Published: Jun 12, 2012 07:00 PM
Modified: Jun 12, 2012 03:58 PM
When I joined the congregation of St. Joseph’s Episcopal Church in Durham, I didn’t know how to talk to the homeless men and women who gather on our property and share breakfast with us five days a week.
In the beginning I felt uncomfortable with conversation beyond a “hello” or “good morning.” What were we supposed to talk about? I saw them simply as homeless, people to be pitied, and not as people with good days and bad days, with pride, with rich pasts and jokes to share.
Then they befriended me. Slim, with his booming laughter, likes to make me jump in (always unsuccessful) attempts for a high five, his hand raised above his 6-foot, 6-inch frame. We shoot the bull and tease one another.
Mac and I talk about growing vegetables while we work in the garden. Mac lives in a house financially supported by our congregation and other Christians. I have yet to get to know many of the others.
But I knew James Richardson the best. He spent many hours on the church grounds. As I planted and weeded in our growing church garden, we talked about everything and anything – the book he was reading, my hound dogs, how my husband liked his new job.
Many times as I walked away I realized we’d only talked about how my week was going, and he’d left me with encouraging words. Many people had this experience. I knew little of his past, and he was not proud of some of it. He rarely spoke to me about his emotional and mental struggles. James was a listener.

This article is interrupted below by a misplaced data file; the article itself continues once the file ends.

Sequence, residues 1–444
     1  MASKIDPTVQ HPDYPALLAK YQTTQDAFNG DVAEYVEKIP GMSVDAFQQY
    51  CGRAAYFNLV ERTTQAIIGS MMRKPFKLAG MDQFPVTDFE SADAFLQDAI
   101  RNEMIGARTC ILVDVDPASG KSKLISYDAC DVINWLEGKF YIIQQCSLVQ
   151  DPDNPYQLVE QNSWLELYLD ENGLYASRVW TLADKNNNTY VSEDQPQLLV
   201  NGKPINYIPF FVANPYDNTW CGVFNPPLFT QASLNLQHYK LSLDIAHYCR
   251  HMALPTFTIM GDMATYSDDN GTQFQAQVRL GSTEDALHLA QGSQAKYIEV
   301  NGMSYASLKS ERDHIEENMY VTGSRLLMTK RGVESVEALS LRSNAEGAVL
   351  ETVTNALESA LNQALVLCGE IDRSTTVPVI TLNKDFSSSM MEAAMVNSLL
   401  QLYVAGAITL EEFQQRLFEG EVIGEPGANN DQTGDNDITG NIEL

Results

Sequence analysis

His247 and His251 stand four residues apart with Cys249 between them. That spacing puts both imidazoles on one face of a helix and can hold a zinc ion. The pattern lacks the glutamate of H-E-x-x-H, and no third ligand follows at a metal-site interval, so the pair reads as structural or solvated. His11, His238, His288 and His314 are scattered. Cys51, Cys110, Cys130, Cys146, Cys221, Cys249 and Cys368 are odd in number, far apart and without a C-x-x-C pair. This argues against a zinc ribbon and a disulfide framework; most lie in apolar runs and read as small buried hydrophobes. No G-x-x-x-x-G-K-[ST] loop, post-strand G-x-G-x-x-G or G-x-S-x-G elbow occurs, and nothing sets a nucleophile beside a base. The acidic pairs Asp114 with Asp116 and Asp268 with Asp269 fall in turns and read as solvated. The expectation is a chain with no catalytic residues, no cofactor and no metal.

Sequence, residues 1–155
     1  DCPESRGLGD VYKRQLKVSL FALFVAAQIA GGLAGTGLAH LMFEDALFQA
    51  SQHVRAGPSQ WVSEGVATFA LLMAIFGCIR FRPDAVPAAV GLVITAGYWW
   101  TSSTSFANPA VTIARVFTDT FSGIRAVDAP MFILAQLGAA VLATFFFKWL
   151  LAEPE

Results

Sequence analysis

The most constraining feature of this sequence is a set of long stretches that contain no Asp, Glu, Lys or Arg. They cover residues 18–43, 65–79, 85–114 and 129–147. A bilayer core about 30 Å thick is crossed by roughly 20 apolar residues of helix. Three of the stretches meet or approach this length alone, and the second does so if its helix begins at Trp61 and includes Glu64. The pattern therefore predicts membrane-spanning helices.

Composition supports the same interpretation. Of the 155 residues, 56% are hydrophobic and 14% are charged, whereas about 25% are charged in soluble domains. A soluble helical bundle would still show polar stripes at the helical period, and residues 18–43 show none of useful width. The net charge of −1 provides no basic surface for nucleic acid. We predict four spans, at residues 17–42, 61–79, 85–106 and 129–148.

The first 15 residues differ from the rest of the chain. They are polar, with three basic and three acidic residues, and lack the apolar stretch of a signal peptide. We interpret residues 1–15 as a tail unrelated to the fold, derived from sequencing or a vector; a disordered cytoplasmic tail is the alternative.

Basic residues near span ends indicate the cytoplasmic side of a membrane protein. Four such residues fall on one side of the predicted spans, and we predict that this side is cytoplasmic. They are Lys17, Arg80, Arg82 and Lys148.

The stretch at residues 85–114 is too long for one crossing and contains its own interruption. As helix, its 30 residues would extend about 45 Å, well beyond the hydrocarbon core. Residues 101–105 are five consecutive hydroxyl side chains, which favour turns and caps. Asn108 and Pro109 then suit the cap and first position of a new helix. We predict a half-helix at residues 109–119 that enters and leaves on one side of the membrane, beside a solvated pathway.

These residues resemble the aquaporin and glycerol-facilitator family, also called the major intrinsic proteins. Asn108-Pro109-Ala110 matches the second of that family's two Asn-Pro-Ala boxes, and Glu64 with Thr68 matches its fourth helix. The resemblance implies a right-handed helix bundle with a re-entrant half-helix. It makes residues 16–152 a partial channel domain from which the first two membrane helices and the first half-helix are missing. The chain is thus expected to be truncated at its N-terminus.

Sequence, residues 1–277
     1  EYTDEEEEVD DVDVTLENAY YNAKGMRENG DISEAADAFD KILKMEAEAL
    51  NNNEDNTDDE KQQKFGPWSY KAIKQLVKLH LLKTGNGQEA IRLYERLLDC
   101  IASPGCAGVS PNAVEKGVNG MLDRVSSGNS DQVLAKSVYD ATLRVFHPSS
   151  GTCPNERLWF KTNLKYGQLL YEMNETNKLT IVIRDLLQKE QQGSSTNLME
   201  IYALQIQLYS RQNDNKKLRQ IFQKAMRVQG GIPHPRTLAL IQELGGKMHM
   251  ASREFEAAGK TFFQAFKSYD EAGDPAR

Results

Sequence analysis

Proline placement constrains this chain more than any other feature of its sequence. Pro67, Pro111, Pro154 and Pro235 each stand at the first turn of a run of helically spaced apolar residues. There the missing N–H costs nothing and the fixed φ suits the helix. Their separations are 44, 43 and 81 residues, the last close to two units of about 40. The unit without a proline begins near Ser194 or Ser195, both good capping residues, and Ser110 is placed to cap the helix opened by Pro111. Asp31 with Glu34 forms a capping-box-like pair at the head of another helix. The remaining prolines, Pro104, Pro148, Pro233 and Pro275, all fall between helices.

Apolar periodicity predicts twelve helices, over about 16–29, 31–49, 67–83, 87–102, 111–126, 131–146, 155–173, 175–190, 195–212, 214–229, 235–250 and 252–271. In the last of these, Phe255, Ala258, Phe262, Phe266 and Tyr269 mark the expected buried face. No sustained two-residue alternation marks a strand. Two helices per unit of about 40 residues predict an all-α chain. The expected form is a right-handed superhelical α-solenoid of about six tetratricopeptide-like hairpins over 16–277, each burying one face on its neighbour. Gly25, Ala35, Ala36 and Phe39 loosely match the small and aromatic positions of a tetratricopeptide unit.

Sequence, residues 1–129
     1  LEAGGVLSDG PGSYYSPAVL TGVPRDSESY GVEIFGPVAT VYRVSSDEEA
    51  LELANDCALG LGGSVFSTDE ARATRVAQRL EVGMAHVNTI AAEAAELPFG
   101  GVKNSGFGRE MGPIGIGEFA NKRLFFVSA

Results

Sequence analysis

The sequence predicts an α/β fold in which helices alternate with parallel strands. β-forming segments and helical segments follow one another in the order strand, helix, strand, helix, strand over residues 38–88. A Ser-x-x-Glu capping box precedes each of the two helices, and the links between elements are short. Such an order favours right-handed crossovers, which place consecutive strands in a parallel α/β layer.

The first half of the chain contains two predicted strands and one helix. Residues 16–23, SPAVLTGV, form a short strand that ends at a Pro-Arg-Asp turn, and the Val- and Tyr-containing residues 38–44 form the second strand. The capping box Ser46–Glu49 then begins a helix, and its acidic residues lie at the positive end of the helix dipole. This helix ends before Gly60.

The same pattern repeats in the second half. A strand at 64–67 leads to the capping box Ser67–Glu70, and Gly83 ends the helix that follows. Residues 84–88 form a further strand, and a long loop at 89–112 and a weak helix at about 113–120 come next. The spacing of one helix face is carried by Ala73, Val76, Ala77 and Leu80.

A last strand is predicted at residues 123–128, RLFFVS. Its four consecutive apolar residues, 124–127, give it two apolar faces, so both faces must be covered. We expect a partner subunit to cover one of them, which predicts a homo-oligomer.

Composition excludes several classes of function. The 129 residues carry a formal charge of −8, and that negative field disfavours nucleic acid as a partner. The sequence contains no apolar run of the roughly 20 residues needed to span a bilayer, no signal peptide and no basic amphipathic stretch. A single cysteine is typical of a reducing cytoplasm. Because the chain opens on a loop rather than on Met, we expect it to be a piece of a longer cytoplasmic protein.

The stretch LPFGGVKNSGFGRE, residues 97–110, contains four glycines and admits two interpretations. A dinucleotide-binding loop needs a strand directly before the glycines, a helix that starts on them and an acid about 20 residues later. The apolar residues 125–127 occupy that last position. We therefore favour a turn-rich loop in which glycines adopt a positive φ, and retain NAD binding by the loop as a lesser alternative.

Sometimes I handed him cash for meals or gave him a lift, but that was nothing compared to the friendship he gifted me.
James died about two months after doctors diagnosed him with cancer. He passed away on April 25 at the age of 48 with several friends from the church at his bedside.
The Rev. Karen Barfield, who leads St. Joseph’s, included his story in a recent sermon.
“All of James’ earthly possessions fit into two duffle bags, three backpacks and several kitchen-size garbage bags,” she said. “And yet, in just about every encounter with James, he gave something. He offered a part of himself.”
For about two years James volunteered his time as a caretaker of St. Joseph’s, watching the parish hall during meetings and church services, cleaning, and setting up and taking down tables and chairs after breakfasts.
During the final weeks of his life he continued his service as he lived in the parish hall. He resisted going to the hospital until days before he died. If someone brought up his death, he told them, “I’m not dying. I’m living with an incurable disease.”
Throughout the week members of St. Joseph’s as well as St. Basil the Great Romanian Orthodox Church, who worship upstairs in the parish hall, frequently come and go. Others gather for morning and evening prayer.
James made friendships with many of them. He always ended conversations with a smile and the words “stay blessed.” This faith, coming from a man who slept in a tent, moved many of us.
James loved the freedom of the outdoors. He spent many sunny hours in the church garden, which he’d helped create. He cut and nailed together boards for the raised beds, turned over soil and mulched.
Dozens of James’ friends gathered in a circle in the garden on a muggy evening, near a bench on which he often sat, to celebrate his life. As birds chattered in the giant oak-tree canopy above us, we shared memories of his easy grin, his knowledge of scripture and his total acceptance of friends without judgment. We planted a small dogwood tree in his memory.
At James’ funeral his cousin Janice Hall-Bynum, of Goldsboro, described James not as an expansive, blossom-covered tree but a single flower. James’ life was simple, and tougher than most, but served the purpose set out by God.
If you keep your eyes and heart open, you may be lucky enough to come upon a bloom like James.